John over at Confessing Evangelical has a series of thoughtful posts on C.S. Lewis’ Chronicles of Narnia. The discussion really resides on his blog and on those to which he links, and rather than trying to reproduce everything that’s already there I encourage interested parties simply to take a look over there. (Of course, if you’ve discovered my little hole in the blogsphere you must have been there already, as he has been at this longer and tends to be both more consistent and more thoughtful in his posts.)

A large part of the discussion is the character of Aslan: love him or hate him? That is, is the Lion an appropriate characterization for the Christ-character? I myself am sympathetic to those who suggest that the Lion is a poor choice, given Scriptural evidence like that in Isaiah 53.2: he had no form or majesty that we should look at him, and no beauty that we should desire him. Adam Gopnik of The New Yorker writes in this same vein, also quoted over at CE:

Yet a central point of the Gospel story is that Jesus is not the lion of the faith but the lamb of God, while his other symbolic animal is, specifically, the lowly and bedraggled donkey. The moral force of the Christian story is that the lions are all on the other side. If we had, say, a donkey, a seemingly uninspiring animal from an obscure corner of Narnia, raised as an uncouth and low-caste beast of burden, rallying the mice and rats and weasels and vultures and all the other unclean animals, and then being killed by the lions in as humiliating a manner as possible—a donkey who reëmerges, to the shock even of his disciples and devotees, as the king of all creation—now, that would be a Christian allegory. A powerful lion, starting life at the top of the food chain, adored by all his subjects and filled with temporal power, killed by a despised evil witch for his power and then reborn to rule, is a Mithraic, not a Christian, myth.

This understanding certainly does get at an important aspect of Christianity and of the person and work of Christ, but it’s not the whole story (neither is The Lion, The Witch and The Wardrobe the whole story of Narnia). Jesus is not merely some carpenter’s son from a backwater town in Palestine, although he certainly is that. He is also the Son of God (although he is also not simply that). Jesus Christ is both God and man.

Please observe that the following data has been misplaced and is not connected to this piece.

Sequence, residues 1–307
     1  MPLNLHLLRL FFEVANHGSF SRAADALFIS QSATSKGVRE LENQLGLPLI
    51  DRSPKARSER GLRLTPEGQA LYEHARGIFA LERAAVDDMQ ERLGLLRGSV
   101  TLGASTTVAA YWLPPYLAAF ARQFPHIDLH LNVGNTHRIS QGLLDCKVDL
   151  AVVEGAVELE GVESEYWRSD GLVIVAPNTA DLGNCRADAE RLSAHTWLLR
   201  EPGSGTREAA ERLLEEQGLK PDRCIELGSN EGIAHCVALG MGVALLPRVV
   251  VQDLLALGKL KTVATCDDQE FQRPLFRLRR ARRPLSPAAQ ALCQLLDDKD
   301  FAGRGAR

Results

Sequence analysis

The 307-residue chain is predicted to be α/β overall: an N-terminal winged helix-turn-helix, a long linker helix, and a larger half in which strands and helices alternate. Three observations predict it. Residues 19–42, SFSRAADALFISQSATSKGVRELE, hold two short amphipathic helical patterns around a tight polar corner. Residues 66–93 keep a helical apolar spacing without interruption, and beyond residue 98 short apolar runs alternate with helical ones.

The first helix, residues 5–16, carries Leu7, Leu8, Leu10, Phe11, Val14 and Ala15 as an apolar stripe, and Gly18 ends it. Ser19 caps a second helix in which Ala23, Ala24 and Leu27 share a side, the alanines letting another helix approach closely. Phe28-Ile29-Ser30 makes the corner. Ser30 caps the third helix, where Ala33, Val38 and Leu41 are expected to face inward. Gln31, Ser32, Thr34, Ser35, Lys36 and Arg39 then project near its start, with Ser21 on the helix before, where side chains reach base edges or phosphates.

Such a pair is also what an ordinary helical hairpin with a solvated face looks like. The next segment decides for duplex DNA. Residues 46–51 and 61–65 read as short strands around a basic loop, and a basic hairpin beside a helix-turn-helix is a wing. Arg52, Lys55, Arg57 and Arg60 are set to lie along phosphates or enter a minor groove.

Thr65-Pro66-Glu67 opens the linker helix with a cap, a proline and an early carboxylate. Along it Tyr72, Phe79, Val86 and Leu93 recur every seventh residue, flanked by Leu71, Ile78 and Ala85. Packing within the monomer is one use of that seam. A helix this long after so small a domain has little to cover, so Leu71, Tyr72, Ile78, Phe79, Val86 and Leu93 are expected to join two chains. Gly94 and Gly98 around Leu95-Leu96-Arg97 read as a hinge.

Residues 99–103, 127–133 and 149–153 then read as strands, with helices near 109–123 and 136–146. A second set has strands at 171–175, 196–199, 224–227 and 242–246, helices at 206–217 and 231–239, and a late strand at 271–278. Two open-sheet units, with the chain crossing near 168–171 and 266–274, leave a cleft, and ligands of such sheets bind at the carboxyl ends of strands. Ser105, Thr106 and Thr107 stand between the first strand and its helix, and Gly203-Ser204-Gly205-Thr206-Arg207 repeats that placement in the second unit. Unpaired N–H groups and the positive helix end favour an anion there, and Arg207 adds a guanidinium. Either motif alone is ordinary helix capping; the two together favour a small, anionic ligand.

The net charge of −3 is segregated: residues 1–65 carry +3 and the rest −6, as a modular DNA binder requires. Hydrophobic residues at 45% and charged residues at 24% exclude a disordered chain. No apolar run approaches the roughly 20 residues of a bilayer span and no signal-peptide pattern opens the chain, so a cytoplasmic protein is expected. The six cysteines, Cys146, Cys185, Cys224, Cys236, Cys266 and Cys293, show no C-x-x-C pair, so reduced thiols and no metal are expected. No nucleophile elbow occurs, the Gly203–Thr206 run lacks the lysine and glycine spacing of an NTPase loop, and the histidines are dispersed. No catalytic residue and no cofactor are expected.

It seems that critics of Lewis’ choice of the Lion for Aslan tend to miss two significant points. In the first place, the work of Christ may be divided into the state of humiliation (in the words of the Creed, “who was conceived by the Holy Spirit, born of the virgin Mary, suffered under Pontius Pilate, was crucified, died, and was buried”) and the state of exaltation (“he descended into hell; the third day he rose again from the dead; he ascended into heaven, and sits on the right hand of God the Father Almighty; from thense he shall come to judge the living and the dead”. The character of the donkey might very well answer for a “humiliation” character, but…then what? Where is our exaltation character? Or what does this character look like in his exaltation (without jumping ahead to The Last Battle)?

The second point is that any allegory is going to be found wanting in some sense. Even the parables of Jesus can be pushed to a point beyond which they cease to work. So you take the best you can. I think Lewis chose wisely.

For a well written response, check out Old Solar.


One Response to Aslan

  1. Interesting thoghts. I hadn’t really gotten around to think about the whole “is a lion a good representation of Christ” thing. But as I contemplate it I would say that in this case, yes, I think it is just fine. My reason is this: Lewis was writing for children and he wanted to represent a very strong Christ figure. One of the strongest creatures there is in the natural kingdom is the lion. Lets not take the symbolism too far. I don’t think its such a big deal what the shape of the “Christ” figure took in the movie, but what the “Christ” figure did. Either way, great food for thought. Thanks.

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